Published by Lee and Low Books
Summary: Beginning with young Maya’s journey south to live with her grandmother in Arkansas, the narrative describes her early experiences of blatant racism in the deep south, and continues as she and her brother went to live with their mother in St. Louis. Her rape by her mother’s boyfriend is described indirectly: “One day, Maya, left alone with Mr. Freeman, is anything but free. After a visit to the hospital, Maya calls out Mr. Freeman’s name as the one who hurt her.” Soon after, he was murdered, and Maya stopped speaking for several years, burying herself in books until she slowly emerged to become a dancer, actress, cable car driver, mother, and finally, a writer and activist. Ending with her death at age 86, the author assures readers that Maya’s words will “always rise rise rise”. Includes a foreword by Angelou’s grandson; a timeline; resources for children who have been sexually abused; and a bibliography. 48 pages; grades 1-5.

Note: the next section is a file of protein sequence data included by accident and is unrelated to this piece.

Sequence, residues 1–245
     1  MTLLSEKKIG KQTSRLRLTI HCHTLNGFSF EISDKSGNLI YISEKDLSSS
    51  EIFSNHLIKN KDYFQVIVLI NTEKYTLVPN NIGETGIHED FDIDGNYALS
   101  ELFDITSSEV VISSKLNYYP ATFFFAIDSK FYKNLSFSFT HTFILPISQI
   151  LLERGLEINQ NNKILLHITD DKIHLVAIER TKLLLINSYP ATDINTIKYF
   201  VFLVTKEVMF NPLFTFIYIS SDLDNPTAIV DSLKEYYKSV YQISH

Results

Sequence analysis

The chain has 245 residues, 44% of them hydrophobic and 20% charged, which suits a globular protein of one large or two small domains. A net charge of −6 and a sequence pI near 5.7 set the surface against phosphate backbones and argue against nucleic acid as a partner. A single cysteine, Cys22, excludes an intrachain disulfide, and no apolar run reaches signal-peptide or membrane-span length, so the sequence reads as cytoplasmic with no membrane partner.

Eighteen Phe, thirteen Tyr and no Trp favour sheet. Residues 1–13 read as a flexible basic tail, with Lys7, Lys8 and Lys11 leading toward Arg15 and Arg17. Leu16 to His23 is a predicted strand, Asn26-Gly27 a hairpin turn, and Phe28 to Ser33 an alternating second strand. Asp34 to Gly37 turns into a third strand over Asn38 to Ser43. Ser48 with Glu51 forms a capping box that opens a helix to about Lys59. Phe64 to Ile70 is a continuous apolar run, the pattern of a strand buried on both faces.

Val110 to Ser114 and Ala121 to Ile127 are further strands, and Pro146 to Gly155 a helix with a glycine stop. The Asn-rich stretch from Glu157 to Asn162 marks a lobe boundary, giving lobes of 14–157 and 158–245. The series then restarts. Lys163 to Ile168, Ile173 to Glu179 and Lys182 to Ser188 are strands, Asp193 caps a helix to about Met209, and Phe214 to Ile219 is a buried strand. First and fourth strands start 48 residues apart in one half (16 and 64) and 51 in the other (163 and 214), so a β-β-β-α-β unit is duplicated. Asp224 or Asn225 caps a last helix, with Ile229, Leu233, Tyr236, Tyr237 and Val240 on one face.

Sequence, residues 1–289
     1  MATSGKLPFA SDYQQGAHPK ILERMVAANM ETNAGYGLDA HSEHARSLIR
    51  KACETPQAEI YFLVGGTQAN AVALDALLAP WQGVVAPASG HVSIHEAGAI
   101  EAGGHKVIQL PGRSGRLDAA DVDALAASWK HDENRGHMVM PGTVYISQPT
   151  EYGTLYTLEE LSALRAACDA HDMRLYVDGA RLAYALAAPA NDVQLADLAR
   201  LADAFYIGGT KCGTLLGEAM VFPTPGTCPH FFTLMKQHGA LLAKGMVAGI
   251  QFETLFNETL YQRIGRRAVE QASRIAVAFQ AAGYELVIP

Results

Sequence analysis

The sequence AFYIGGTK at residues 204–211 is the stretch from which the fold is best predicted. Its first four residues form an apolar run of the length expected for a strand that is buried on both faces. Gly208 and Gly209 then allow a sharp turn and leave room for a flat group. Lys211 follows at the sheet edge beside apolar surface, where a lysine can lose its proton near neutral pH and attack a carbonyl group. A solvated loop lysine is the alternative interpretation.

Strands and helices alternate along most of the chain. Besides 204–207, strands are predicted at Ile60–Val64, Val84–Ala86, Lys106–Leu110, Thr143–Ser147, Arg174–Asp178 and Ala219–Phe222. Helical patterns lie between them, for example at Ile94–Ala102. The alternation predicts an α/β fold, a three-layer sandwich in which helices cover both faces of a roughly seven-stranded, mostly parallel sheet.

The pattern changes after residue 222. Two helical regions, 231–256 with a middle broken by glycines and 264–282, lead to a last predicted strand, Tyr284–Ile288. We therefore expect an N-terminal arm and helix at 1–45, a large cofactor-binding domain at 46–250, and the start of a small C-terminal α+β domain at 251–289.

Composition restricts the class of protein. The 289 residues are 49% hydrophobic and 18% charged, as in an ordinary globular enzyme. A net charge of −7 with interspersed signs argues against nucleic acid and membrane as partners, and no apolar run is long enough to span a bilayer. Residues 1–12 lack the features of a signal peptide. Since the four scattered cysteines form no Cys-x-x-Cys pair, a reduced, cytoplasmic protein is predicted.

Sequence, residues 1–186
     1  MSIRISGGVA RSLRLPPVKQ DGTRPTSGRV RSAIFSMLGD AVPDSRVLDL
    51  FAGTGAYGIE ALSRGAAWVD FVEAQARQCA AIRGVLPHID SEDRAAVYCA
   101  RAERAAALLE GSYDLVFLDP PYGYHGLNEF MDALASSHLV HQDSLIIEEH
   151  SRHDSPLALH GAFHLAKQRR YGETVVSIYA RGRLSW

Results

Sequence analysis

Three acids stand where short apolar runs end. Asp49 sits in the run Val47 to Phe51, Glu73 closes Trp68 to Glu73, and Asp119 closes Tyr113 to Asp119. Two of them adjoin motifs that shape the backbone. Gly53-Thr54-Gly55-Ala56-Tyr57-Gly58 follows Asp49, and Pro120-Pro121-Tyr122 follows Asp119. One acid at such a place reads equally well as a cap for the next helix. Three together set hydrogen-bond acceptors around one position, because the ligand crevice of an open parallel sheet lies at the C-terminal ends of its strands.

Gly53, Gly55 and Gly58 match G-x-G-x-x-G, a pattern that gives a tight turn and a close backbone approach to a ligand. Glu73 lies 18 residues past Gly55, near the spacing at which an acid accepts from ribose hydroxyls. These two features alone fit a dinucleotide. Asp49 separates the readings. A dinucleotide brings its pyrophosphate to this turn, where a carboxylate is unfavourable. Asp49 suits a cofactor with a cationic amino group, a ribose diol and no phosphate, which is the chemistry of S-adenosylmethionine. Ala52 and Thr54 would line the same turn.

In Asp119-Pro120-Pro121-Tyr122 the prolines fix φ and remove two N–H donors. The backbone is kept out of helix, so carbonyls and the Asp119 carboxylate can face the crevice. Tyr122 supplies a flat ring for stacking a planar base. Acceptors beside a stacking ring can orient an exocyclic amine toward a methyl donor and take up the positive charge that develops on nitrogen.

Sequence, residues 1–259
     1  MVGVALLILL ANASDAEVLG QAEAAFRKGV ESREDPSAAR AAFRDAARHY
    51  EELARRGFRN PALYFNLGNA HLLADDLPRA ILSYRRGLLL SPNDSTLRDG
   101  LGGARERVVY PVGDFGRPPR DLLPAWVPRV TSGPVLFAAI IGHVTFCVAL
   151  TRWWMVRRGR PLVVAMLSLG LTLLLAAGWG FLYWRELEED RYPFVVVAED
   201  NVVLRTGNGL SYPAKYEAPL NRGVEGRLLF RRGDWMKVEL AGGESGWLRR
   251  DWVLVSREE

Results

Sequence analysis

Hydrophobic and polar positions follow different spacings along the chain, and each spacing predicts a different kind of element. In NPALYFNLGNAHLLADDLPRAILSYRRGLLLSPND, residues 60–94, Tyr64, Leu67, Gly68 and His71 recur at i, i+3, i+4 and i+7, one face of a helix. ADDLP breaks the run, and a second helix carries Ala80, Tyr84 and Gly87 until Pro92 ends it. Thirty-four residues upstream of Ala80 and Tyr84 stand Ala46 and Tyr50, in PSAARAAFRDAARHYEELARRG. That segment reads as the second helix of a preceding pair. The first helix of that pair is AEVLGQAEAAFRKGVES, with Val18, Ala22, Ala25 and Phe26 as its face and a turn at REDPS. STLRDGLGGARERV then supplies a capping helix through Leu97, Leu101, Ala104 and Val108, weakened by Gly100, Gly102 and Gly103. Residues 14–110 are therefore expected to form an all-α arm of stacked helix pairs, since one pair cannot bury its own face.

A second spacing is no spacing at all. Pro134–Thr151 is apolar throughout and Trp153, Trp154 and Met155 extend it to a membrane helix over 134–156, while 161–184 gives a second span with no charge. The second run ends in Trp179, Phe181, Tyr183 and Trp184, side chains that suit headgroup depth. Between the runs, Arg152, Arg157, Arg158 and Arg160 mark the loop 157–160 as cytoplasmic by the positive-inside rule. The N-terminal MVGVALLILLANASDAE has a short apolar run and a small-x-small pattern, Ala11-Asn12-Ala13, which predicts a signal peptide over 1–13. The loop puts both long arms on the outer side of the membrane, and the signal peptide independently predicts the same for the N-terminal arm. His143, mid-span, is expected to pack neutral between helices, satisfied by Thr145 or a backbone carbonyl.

Pros: Gorgeous acrylic illustrations and poetic text detail the many different aspects of Maya Angelou’s incredible life. Due to the horrific events of her childhood, it can be tricky to share her story with children, but Hegedus does a good job not shying away from Maya’s rape and its aftermath in a way that’s appropriate for the intended audience.
Cons: I had no idea Maya Angelou did so many different interesting things in her life. It’s hard to cram it all into one picture book.